Will Ian be the Final Straw for Insurers in Florida?

October 14, 2022

Limitless blind greed will insure that Florida communities will build back after Hurricane Ian. And Florida Republicans will be looking for a socialist bailout for their (completely predictable) flood insurance woes.

New York Times:

The scale of the destruction from Hurricane Ian threatens to destabilize Florida’s insurance and real estate markets, as devastated residents file a record number of claims for damaged or destroyed homes.

Privately insured losses from Ian are expected to reach $67 billion, not including flood insurance, according to an estimate by RMS, a catastrophe modeling firm. That is in line with other forecasts and puts Ian, which slammed into Florida two weeks ago, close to 2005’s Hurricane Katrina, the most expensive disaster in United States history.

And it’s about twice the toll, in current dollars, of insured losses from Hurricane Andrew in 1992, which had been the most expensive storm ever to hit Florida and bankrupted some underwriters while causing others to flee the state.

Data now makes it clear that Ian is part of a trend: Climate change is making hurricanes and other disasters more destructive and pushing up the cost of home insurance until it’s out of reach for many people. More violent storms, flooding and wildfires in states like Louisiana and California are causing insurers to pull back from those markets.

“You can’t just build in high-risk areas indefinitely, and expect it to be insurable at an affordable rate,” said Zac J. Taylor, a professor at Delft University of Technology in the Netherlands who focuses on the impact of climate change on insurance and real estate, and who grew up in Florida.

Ian’s aftermath shows how climate change is increasingly eroding the financial underpinnings of modern American life. Without insurance, banks won’t issue a mortgage; without a mortgage, most prospective homeowners can’t buy a home. With fewer buyers, home prices fall, and new development can slow or even come to a stop.

“You need a private insurance market to have a mortgage market,” Dr. Taylor said. “Will working- and middle-class homeownership remain viable in Florida in the long term?”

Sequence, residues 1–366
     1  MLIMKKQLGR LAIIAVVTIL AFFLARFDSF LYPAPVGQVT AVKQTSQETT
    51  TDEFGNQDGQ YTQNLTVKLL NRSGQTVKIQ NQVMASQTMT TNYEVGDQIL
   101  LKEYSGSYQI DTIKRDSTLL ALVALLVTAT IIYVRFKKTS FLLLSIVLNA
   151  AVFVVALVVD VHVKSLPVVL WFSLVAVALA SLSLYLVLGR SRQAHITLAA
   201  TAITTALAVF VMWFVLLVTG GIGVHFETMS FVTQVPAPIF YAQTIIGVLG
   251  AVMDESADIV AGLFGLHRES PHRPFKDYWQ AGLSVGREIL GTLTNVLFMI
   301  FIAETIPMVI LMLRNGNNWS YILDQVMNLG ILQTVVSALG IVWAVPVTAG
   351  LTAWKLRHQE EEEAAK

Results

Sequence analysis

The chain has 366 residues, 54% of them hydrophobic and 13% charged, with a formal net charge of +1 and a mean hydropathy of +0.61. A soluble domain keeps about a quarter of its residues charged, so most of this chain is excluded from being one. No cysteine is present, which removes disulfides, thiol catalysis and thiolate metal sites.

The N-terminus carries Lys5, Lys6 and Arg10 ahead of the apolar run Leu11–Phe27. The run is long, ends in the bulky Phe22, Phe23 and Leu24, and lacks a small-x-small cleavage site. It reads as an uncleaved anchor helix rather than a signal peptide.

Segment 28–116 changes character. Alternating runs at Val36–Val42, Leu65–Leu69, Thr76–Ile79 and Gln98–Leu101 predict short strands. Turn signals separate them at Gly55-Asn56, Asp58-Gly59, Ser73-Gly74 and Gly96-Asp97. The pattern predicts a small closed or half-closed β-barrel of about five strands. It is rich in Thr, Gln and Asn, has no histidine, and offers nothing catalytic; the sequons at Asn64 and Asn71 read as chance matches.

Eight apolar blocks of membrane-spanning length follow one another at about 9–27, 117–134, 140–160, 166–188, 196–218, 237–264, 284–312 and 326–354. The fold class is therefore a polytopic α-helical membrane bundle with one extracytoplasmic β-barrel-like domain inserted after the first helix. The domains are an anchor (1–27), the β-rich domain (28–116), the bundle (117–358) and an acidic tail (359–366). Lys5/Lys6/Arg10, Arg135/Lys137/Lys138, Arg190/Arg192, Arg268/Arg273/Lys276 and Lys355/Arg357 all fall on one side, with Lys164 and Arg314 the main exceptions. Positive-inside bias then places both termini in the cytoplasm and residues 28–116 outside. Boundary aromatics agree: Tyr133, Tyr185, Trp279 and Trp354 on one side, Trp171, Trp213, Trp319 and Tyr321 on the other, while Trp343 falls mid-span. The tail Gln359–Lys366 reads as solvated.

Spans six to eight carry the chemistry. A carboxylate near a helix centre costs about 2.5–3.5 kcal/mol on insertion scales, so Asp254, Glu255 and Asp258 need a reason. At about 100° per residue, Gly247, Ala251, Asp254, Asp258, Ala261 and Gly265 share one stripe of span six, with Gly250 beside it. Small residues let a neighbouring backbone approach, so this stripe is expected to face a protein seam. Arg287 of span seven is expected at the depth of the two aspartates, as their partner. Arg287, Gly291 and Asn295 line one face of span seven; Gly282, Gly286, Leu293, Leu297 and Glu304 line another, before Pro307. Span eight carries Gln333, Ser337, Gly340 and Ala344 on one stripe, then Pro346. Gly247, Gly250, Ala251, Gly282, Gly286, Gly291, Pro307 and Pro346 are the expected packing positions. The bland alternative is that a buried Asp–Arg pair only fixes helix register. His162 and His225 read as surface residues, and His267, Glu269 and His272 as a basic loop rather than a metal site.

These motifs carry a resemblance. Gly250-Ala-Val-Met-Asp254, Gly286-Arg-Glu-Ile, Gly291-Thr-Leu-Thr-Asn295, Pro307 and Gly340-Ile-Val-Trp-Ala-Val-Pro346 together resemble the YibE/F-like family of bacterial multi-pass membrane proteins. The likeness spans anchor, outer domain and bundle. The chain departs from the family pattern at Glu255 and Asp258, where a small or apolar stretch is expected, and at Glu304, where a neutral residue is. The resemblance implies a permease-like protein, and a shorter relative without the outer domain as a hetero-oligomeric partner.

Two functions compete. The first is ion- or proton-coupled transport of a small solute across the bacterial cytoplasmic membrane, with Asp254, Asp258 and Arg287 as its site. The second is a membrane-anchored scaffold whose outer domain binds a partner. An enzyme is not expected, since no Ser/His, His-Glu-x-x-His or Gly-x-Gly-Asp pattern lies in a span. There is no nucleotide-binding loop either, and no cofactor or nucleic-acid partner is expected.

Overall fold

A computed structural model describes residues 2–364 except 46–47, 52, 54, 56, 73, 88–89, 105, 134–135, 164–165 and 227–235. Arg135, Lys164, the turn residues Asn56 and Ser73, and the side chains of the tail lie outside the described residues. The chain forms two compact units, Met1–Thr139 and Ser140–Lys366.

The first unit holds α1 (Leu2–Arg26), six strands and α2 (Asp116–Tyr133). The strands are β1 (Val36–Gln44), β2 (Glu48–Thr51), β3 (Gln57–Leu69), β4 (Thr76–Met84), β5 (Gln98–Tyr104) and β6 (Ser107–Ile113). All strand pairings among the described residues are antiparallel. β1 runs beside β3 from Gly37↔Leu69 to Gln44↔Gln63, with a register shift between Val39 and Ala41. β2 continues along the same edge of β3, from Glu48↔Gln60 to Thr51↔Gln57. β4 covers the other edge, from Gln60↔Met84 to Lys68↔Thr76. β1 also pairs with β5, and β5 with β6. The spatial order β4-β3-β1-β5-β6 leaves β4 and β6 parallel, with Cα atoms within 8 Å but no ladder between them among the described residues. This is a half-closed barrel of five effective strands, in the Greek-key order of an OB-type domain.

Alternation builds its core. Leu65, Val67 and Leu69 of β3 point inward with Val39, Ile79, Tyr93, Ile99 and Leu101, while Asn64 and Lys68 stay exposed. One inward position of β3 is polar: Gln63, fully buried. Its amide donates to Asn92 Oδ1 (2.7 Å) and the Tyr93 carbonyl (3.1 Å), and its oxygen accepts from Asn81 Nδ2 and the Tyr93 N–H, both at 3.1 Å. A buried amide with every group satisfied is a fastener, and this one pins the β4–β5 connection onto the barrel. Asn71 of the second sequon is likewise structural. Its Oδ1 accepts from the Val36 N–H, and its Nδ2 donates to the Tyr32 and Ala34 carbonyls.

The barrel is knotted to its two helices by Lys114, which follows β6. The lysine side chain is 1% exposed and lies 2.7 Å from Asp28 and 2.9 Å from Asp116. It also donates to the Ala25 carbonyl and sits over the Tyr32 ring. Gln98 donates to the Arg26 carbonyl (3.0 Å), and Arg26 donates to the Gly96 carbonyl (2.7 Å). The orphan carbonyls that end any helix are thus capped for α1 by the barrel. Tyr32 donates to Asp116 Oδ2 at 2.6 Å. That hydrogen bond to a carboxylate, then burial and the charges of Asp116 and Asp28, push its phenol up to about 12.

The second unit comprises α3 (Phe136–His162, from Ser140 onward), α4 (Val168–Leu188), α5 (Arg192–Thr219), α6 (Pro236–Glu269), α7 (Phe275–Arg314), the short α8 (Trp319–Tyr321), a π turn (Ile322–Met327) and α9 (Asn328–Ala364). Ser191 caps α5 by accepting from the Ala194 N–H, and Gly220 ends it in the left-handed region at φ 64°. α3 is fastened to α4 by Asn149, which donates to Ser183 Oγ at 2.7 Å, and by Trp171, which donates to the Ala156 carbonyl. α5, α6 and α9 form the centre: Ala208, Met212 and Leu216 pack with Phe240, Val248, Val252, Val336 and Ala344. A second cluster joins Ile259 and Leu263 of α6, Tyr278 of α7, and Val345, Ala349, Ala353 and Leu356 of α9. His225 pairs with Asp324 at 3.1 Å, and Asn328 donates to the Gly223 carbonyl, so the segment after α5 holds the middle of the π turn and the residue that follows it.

For generations, the Florida coast has been defined by homes on the beach. That was supported by Florida’s insurance market, which, in a way, was as carefully manufactured as the coastal subdivisions that Ian destroyed.

And just as fragile.

After Hurricane Andrew smashed tens of thousands of homes near Miami in 1992, the state strengthened building codes and set up a series of quasi-public entities to do what the private market wouldn’t: insure Florida homes against wind damage from future hurricanes, at a price that homeowners were willing to pay.

(In Florida, like the rest of the country, flood insurance is sold separately from homeowner’s insurance; the vast majority of flood coverage is sold or underwritten by the federal government.)

Those quasi-public entities include Citizens, a state-mandated company meant to cover homeowners who can’t find private insurance. Citizens is funded by premiums but if it needs more money to pay out claims, it adds a surcharge to the private insurance bills of homeowners around the state.

Since Andrew, most large national insurance companies either dropped Florida or write few policies. In their place emerged a network of smaller insurance companies. But their small size isn’t the only thing that sets those companies apart from other insurers.

In most insurance markets, companies typically try to maintain cash reserves big enough to pay out all or most of the claims they expect to face in a given year. In Florida, the model is different: insurers avoid building up large surpluses, which lets them keep rates lower than they would otherwise be.

Instead of relying primarily on their own surpluses, when a storm hits, Florida insurers depend heavily on what are called reinsurers: Companies, many of which are based in Europe, Bermuda or the Caribbean, whose business is selling insurance to insurance companies, in the event they face claims that exceed their cash reserves.

The problem with that arrangement is that reinsurers, which include Lloyd’s of London, Munich Re and Swiss Re, renegotiate with Florida insurers every year. And if they decide risks are too high, they can raise their rates as much as they like — or simply walk away.